Campbell sees a more complex picture, with some countries overestimating reserves while most companies underestimate reserves.

"In the case of the U.K. you have under-reporting, then you go back to OPEC where you had over-reporting back in the 1980s for quota reasons," he observed. "Companies have consistently under-reported their reserves of oil. This is no conspiracy -- it's done for sound business reasons."

He believes the United States tends to overstate its oil reserves, and the world's reserves, to downplay the threat of OPEC market control. OPEC countries also tend to overstate their oil holdings for political and economic reasons, he said.

Also, Campbell objects to the practice of adding field-growth numbers to current discoveries, or using them as a basis for supply projections. The U.S. Geological Survey, which received input from the AAPG Committee on Resource Evaluation, announced it will include field-growth estimates in its new "World Petroleum Assessment 2000."

"Of course, it's a very political issue for them," Campbell said of the USGS. "They've taken the U.S. experience and added it not only to the world's reserves today, but also to anything that's discovered in the future. That's absolutely wrong."

Future Shock?

Youngquist said he received a doctorate in geology from the University of Iowa and spent most of his industry career with Exxon, first in Peru and then in the United States. He taught geology at the University of Oregon in Eugene, where he still lives, and later served as a consultant with Exxon, Amoco and Shell.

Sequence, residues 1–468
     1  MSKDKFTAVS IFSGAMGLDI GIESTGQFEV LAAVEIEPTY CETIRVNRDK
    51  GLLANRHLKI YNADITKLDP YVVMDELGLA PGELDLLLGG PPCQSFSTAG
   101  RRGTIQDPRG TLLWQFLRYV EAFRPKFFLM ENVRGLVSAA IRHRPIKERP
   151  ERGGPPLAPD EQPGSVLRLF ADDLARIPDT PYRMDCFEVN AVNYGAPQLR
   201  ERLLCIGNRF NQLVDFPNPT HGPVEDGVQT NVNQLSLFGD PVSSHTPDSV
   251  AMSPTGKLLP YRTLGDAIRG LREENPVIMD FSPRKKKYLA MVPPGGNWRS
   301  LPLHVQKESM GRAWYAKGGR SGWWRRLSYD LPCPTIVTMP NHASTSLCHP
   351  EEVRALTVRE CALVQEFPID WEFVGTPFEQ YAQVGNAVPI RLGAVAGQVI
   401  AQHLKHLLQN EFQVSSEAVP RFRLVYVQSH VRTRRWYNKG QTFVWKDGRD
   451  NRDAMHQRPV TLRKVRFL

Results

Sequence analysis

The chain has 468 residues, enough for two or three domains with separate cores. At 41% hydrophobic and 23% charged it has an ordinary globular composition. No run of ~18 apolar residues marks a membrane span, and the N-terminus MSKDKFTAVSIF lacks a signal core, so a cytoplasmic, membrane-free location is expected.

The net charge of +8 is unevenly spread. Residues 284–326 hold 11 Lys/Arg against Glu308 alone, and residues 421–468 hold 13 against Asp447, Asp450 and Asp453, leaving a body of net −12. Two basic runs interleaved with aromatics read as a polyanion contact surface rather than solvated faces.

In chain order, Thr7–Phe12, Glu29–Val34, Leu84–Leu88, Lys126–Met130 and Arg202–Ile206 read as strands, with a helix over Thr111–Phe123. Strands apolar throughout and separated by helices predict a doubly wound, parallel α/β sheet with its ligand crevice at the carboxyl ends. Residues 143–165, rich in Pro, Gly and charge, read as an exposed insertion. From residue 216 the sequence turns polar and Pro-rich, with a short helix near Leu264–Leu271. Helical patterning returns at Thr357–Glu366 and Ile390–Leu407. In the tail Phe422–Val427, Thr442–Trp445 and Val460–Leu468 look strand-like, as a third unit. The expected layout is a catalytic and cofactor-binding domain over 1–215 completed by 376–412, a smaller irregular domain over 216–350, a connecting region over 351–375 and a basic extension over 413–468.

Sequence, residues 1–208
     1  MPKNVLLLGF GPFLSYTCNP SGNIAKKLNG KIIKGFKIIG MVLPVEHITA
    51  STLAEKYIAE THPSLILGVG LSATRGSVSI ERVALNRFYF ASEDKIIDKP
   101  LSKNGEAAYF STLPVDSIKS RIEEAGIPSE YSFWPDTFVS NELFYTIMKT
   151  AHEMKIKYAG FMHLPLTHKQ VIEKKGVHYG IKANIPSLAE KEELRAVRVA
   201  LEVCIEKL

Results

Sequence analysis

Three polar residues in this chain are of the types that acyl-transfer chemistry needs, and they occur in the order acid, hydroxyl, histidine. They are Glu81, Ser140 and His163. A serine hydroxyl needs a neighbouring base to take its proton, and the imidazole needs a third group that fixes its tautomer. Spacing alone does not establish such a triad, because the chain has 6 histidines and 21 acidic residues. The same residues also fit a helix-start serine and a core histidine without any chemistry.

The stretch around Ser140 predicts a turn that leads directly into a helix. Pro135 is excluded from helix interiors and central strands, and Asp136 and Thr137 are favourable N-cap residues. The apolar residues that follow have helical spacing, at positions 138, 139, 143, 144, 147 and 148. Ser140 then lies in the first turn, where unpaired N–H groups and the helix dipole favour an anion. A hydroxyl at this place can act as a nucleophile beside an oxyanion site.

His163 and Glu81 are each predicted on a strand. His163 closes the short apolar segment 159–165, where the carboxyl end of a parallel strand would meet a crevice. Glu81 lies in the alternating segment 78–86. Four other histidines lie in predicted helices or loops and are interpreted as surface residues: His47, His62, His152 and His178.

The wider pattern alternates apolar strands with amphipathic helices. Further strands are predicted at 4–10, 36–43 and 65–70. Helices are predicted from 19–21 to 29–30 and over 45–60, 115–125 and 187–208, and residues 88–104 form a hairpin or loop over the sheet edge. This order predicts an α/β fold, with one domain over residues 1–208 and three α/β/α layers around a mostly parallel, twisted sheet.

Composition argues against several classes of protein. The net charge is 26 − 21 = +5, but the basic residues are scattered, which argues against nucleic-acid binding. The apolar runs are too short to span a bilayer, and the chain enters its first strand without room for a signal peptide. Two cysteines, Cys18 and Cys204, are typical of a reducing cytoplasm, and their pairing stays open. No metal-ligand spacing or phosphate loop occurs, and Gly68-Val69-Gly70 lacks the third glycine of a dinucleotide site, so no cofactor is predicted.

After studying alternate oil sources, he's concluded they can do little to offset a decline in production of traditional oil.

"Basically, the problem comes when you go from flowing oil or pumping oil to mining the stuff," he said. "To produce any real quantities of oil from these sources just isn't in the cards, I think."

However, Youngquist conceded that oil sands production "will help, especially in Canada, where they're in a pretty good situation." The future rate of production may be dictated by a combination of economic, environmental and engineering factors.

"The issue is primarily the rate of extraction, which is partly economic, with some environmental questions there," Campbell said.

"As of today, only the most favorable deposits have been exploited," he continued, "but the question is, when you go down 75 meters or 150 meters, how economic will it be?"

For the immediate future, Campbell sees OPEC's share of world oil production possibly rising to 35 percent next year. It will ultimately reach 50 percent, at which point OPEC's own production will decline, he predicted.

"At a certain point, and nobody is sure where it will be, this growth in share is translated into control of price," he said.

"Then there's a price shock, which will curb demand."

Youngquist expects governments to begin rationing oil as supply deteriorates.

"What will happen is that price will move oil to its highest and best use," he said. "People ask, 'How long will oil last?' That's inconsequential. When the peak occurs, you have a continuing world oil crisis."

Levorsen's 1964 paper did not attempt to predict U.S. oil supply and demand in 2000. It simply used a projection to show what kind of exploration success the U.S. would need to maintain an oil supply about 50 percent from primary production, 25-30 percent from enhanced recovery and 15-20 percent from imports.

As the title implied, Levorsen thought big oil needs would require Big Geology. In his paper he wrote these words about himself and his fellow petroleum geologists:

"If we cannot discover new oil, competitively, we will go the way of the dinosaurs."